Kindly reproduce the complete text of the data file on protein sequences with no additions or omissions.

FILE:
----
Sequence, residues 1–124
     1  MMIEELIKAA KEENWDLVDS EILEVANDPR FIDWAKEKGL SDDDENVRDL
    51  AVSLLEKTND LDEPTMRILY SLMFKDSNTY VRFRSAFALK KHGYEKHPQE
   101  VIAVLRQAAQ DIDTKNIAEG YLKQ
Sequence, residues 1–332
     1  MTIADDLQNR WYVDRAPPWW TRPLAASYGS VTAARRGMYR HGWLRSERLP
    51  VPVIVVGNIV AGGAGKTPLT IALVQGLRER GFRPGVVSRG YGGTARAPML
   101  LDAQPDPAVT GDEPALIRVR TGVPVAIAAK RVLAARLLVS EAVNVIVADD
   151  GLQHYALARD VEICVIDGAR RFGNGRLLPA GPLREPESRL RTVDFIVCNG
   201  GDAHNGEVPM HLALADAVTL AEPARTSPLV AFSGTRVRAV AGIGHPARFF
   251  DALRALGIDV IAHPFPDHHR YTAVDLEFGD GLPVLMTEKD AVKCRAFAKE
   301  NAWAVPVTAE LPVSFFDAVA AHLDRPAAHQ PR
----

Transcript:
Sequence, residues 1–124
     1  MMIEELIKAA KEENWDLVDS EILEVANDPR FIDWAKEKGL SDDDENVRDL
    51  AVSLLEKTND LDEPTMRILY SLMFKDSNTY VRFRSAFALK KHGYEKHPQE
   101  VIAVLRQAAQ DIDTKNIAEG YLKQ
Sequence, residues 1–332
     1  MTIADDLQNR WYVDRAPPWW TRPLAASYGS VTAARRGMYR HGWLRSERLP
    51  VPVIVVGNIV AGGAGKTPLT IALVQGLRER GFRPGVVSRG YGGTARAPML
   101  LDAQPDPAVT GDEPALIRVR TGVPVAIAAK RVLAARLLVS EAVNVIVADD
   151  GLQHYALARD VEICVIDGAR RFGNGRLLPA GPLREPESRL RTVDFIVCNG
   201  GDAHNGEVPM HLALADAVTL AEPARTSPLV AFSGTRVRAV AGIGHPARFF
   251  DALRALGIDV IAHPFPDHHR YTAVDLEFGD GLPVLMTEKD AVKCRAFAKE
   301  NAWAVPVTAE LPVSFFDAVA AHLDRPAAHQ PR